The House Judiciary Committee approved the subpoena earlier this month, anticipating a desire for an unredacted report and Mueller's underlying documentation. The subpoena has now been fired off, demanding to see Mueller's evidence and summaries of key witness interviews by May 1.

If Attorney General William Barr ignores it, the Judiciary Committee could hold him in contempt, setting up a potentially lengthy court battle.

Nadler said the report was troubling and "it now falls to Congress to determine the full scope of that alleged misconduct." In addition to requesting "the full version of the report and the underlying evidence," House Democrats have called on Mueller to testify publicly to clarify some of his findings. Read more at The New York Times. Summer Meza

9:27 a.m.

President Trump was abnormally silent in the hours following the public release of Special Counsel Robert Mueller's report, choosing mostly to tweet quotes from his favorite Fox News commentators, and only briefly crowing about the findings during a White House event. He didn't even stop to talk to reporters on the White House lawn on Thursday, despite bragging in recent weeks about the report's "total exoneration" of him and his campaign.

On Friday, Trump changed his tone, dismissing elements of the report as "total bulls--t" on Twitter. He didn't specify which statements he considered "fabricated & totally untrue," but did appear to possibly reference former White House counsel Don McGahn, who Mueller said refused to end the special counsel investigation at Trump's request. McGahn apparently felt Trump was asking him to do some "crazy sh-t," and was also somewhat alarmed when Trump criticized him for taking notes, something Trump seemed to reference in his angry tweets. Summer Meza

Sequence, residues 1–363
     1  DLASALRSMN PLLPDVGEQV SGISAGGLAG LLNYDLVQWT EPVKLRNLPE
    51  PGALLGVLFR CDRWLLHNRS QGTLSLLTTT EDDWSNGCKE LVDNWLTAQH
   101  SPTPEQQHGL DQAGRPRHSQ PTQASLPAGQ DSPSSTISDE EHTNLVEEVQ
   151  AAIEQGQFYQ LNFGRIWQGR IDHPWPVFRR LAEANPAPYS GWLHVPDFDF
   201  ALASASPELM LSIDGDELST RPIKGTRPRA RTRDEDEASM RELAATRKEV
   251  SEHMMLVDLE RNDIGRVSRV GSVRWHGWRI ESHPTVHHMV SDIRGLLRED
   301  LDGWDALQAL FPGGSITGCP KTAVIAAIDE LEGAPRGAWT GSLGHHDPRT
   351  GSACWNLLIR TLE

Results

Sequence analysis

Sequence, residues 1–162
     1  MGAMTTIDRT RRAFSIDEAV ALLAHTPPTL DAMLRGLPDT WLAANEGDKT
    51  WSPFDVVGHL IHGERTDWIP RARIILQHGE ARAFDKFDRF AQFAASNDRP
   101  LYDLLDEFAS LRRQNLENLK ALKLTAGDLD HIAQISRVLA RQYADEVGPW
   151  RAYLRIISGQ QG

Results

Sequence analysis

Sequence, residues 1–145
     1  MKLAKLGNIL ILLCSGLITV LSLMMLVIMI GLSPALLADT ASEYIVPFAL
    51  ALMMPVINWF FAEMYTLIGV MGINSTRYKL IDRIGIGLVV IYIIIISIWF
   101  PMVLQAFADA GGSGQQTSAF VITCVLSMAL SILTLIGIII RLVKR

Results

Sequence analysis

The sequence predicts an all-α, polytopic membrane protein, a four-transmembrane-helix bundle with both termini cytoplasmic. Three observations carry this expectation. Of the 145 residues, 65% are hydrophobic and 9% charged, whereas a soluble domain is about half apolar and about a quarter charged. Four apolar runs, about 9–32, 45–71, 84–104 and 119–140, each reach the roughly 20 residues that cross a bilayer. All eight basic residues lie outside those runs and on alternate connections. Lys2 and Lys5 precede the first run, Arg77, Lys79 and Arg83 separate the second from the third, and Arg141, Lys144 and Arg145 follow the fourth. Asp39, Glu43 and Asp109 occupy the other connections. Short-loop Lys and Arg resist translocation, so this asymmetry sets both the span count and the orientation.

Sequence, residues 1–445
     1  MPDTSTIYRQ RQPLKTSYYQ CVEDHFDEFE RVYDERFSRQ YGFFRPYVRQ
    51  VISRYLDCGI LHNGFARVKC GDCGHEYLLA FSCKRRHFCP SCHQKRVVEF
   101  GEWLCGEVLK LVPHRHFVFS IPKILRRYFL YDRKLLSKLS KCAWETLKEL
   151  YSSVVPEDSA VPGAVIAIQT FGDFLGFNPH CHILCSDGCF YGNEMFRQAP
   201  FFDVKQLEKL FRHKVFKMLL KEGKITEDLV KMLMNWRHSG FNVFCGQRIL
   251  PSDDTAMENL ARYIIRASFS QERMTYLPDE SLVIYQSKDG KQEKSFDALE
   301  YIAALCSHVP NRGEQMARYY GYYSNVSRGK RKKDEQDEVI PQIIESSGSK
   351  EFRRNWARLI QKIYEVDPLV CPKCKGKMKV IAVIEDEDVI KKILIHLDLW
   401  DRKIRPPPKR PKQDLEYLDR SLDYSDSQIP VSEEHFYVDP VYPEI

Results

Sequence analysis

9:09 a.m.

White House Press Secretary Sarah Huckabee Sanders acknowledged to Special Counsel Robert Mueller that a claim she once made about former FBI Director James Comey wasn't "founded on anything," but she's refusing to admit it was an intentional falsehood.

Mueller's report revealed Sanders admitted she baselessly told reporters that "countless members of the FBI" had complained about Comey, while Mueller said "the evidence does not support those claims." But Sanders explained herself by describing the remarks as a "slip of the tongue." On Friday, Sanders told ABC News' George Stephanopoulos grilled Sanders about the admission on Good Morning America.

But Sanders wouldn't even concede that her comments to Mueller were any kind of admission. Stephanopoulos pushed back on her assertion that the falsehood could simply be an accident. "That's not a slip of the tongue, Sarah, that's a deliberate false statement," he said. Sanders claimed her misstatement didn't actually misrepresent the situation.

"Actually, if you look at what I said," she argued, "I said the slip of the tongue was in using the word 'countless,' but there were a number of FBI, both former and current, that agreed with the president's decision [to fire Comey] and they've continued to speak out," she said.

Stephanopoulos pointed out that she had pushed the same talking point on multiple occasions, asking "Why can't you acknowledge that what you said then was not true?" Watch the clip below. Summer Meza